Another limitation of our project was the late involvement of nursing staff. Up until our third PDSA cycle, we implemented our intervention largely without nursing support. Although we identified patient factors (eg, patients finding the sleeves uncomfortable, patients taking sleeves off at night, etc) as the primary causes of non-compliance, these are inextricably influenced by hospital factors such as nursing behaviour. Our finding that afternoon compliance was consistently higher than morning compliance suggests that the presence of nurses and daytime ancillary hospital staff is important for reinforcing SCD use. Indeed, similar QI work that involved nursing staff and administration reported improved outcomes. Beachler et al demonstrated increased SCD compliance on surgical floors after nurses were trained and educated on VTE risk and proper SCD application.22 Moreover, nurses and other clinical staff are important architects of a hospital’s culture of safety30 and if they are excluded from improvement interventions, we risk the development of normalised deviance, learnt helplessness and other behaviours that pose latent threats to optimising SCD compliance.

Part of the rationale for developing our intervention was that if we highlighted the clinical consequences of not wearing SCD sleeves through direct patient education, then patients would be motivated to practice better SCD habits. This reasoning assumed that our patients were in the contemplation stage of Prochaska’s transtheoretical model of behaviour change.31 At this stage, patients are receptive to facts and weigh the pros and cons of behaviour change. Perhaps, then, the increased compliance we observed during our project was due to a cohort of contemplation-stage patients who were incentivised by our educational intervention to wear SCDs despite their perceptions of SCD sleeves being uncomfortable and bothersome. Likewise, this would imply that we were unable to further increase our compliance rate because other patients were not in the contemplation stage and were not benefiting from our intervention. This motivates exploration for additional barriers to SCD compliance at our institution.

During project implementation, we noted that medical students had varying levels of confidence when interacting with patients and hospital staff. This was particularly true of new third year medical students beginning clerkships. To mitigate any effect this might have on the project, we ensured that there was appropriate training for new medical students and adequate overlap between the fourth year and third year medical students on the service.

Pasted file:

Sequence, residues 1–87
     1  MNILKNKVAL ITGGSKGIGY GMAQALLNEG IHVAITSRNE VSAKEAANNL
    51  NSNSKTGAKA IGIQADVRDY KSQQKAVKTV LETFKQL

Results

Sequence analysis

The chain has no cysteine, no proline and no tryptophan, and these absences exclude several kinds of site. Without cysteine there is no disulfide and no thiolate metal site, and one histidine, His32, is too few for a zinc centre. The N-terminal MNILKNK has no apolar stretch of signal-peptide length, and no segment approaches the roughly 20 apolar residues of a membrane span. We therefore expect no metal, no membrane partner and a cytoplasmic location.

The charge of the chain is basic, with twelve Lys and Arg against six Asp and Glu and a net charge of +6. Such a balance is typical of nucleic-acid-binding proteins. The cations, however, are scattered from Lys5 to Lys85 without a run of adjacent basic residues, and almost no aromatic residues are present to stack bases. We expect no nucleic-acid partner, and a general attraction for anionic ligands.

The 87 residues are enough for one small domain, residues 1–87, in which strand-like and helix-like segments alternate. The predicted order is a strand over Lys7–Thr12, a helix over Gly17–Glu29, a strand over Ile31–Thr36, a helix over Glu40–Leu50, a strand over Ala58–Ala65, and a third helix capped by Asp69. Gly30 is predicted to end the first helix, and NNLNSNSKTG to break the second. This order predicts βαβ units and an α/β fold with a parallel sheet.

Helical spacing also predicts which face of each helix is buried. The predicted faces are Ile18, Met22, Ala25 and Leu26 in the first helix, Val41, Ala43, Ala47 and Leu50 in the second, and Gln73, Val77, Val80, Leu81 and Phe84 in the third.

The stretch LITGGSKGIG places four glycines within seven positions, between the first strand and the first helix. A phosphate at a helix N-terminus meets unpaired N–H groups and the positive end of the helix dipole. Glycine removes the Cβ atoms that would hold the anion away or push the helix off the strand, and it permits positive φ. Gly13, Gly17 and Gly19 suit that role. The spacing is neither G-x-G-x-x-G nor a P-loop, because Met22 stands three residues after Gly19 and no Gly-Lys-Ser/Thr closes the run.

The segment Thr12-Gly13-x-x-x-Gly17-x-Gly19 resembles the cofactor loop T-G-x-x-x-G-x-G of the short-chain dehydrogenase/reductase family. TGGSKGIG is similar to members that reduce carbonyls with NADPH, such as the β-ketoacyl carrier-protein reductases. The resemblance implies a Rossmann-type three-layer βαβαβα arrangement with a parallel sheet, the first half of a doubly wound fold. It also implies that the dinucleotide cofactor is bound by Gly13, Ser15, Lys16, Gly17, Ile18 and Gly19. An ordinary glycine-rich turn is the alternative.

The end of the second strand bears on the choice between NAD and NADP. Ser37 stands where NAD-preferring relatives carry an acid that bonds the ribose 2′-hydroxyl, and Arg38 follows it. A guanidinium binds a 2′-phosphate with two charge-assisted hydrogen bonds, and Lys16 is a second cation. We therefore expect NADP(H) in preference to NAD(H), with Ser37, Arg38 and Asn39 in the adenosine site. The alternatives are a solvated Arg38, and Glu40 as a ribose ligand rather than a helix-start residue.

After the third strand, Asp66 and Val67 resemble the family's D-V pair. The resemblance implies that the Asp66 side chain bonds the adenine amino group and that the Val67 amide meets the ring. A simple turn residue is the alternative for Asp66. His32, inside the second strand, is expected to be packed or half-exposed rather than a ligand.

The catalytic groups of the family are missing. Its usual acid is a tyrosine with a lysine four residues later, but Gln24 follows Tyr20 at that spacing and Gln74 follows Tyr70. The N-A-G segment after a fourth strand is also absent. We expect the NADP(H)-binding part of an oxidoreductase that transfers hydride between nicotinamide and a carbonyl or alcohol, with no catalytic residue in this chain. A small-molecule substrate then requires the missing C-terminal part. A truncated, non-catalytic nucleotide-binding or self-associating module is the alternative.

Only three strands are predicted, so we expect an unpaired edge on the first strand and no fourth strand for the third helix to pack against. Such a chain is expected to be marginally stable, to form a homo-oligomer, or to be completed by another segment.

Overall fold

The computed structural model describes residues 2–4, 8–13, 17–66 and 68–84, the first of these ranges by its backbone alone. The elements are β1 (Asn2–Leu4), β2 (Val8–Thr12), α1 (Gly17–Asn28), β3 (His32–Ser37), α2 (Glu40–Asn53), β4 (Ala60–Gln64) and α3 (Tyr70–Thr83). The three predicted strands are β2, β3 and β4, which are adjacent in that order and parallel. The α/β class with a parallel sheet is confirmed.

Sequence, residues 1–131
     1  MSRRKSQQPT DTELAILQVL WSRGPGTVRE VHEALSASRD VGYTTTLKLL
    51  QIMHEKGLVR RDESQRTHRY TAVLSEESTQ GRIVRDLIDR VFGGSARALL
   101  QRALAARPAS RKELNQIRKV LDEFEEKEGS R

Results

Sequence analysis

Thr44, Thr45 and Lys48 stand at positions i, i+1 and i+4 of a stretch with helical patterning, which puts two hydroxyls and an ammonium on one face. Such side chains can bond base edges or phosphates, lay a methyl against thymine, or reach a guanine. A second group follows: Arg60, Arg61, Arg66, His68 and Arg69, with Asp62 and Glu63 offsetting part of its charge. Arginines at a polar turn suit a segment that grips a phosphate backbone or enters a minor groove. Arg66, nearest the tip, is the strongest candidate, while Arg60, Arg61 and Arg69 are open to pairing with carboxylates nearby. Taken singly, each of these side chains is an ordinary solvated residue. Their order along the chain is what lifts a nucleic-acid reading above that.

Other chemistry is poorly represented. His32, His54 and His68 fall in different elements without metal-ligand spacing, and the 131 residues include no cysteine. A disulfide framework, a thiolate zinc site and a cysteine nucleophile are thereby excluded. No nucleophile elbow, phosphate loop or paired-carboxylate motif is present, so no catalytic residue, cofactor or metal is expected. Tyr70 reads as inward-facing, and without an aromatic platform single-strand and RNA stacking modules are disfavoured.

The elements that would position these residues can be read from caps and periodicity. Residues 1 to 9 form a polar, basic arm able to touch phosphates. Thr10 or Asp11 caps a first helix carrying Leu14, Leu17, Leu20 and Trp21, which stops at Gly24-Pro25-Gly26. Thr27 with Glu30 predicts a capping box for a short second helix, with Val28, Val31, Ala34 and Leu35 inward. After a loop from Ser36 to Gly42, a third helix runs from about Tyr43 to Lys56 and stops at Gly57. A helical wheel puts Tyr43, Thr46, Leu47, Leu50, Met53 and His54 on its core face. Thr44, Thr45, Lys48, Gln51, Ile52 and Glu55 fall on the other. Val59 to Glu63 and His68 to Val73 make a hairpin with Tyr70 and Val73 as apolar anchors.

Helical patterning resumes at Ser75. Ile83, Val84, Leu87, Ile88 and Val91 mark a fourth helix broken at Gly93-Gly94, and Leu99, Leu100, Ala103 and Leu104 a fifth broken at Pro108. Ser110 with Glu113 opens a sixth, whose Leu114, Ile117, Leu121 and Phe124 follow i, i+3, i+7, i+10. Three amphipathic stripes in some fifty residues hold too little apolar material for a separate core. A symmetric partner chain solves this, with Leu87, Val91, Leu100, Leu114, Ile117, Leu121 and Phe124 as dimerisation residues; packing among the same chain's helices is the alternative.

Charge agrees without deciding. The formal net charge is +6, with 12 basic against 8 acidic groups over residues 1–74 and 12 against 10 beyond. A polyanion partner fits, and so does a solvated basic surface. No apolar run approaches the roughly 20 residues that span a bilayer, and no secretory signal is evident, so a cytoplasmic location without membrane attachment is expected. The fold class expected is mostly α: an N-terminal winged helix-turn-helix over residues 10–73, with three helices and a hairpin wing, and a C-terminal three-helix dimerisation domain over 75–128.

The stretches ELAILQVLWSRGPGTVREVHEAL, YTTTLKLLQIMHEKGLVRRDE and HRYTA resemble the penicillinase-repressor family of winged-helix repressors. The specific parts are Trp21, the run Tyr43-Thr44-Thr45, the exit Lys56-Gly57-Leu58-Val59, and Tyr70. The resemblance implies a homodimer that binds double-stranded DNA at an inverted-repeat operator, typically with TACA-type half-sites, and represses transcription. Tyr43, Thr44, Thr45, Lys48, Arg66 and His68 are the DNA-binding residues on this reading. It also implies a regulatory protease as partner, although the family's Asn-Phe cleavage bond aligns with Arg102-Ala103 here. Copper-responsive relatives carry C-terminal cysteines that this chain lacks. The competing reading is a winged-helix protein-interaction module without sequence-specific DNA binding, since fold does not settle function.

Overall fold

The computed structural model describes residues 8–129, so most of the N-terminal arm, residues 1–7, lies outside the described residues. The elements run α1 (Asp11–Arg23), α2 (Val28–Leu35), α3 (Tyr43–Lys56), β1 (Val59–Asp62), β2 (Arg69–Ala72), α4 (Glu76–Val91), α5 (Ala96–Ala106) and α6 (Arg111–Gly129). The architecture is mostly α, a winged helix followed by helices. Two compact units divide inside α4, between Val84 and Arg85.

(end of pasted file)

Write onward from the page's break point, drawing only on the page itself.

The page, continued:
Our description and assessment of a patient education intervention adds to a growing body of literature examining ways to improve SCD use in hospitalised patients. Previously, our institution lacked a compliance strategy for encouraging SCD use and a structured protocol for measuring SCD compliance. In this improvement project, we developed a basic system of monitoring compliance that was led completely by medical students. We also designed an intervention for promoting SCD use in trauma patients that focused on patient education. To our knowledge, this is the first report of a patient education initiative being used to address SCD non-compliance in trauma patients. This simple intervention led to an improvement in compliance rates that proved to be sustainable. Such an intervention can be adapted by other inpatient units looking to optimise SCD use in vulnerable patient populations. Finally, our project results suggest that SCD non-compliance is a complicated problem that requires identifying and appropriately addressing both active and latent barriers to SCD use.


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  • Twitter @HamidSafraz, @BGalloMarin, @dr_badami

  • Contributors SH, AB and AG conceptualised the intervention; SH led the improvement cycles; SH, LS, KA-K, TW and CG performed data collection; SH, BGM and LS performed data analysis and interpretation; SH and BGM wrote original draft; SH, BGM, LS, TW, CG, AB, AG and VR reviewed and edited draft and VR administered the project.

  • Funding BGM was supported by NIH/NIAID R25AI140490.

  • Competing interests None declared.

  • Patient and public involvement Patients and/or the public were not involved in the design, or conduct, or reporting, or dissemination plans of this research.

  • Patient consent for publication Not required.

  • Provenance and peer review Not commissioned; externally peer reviewed.

  • Data availability statement All data relevant to the study are included in the article.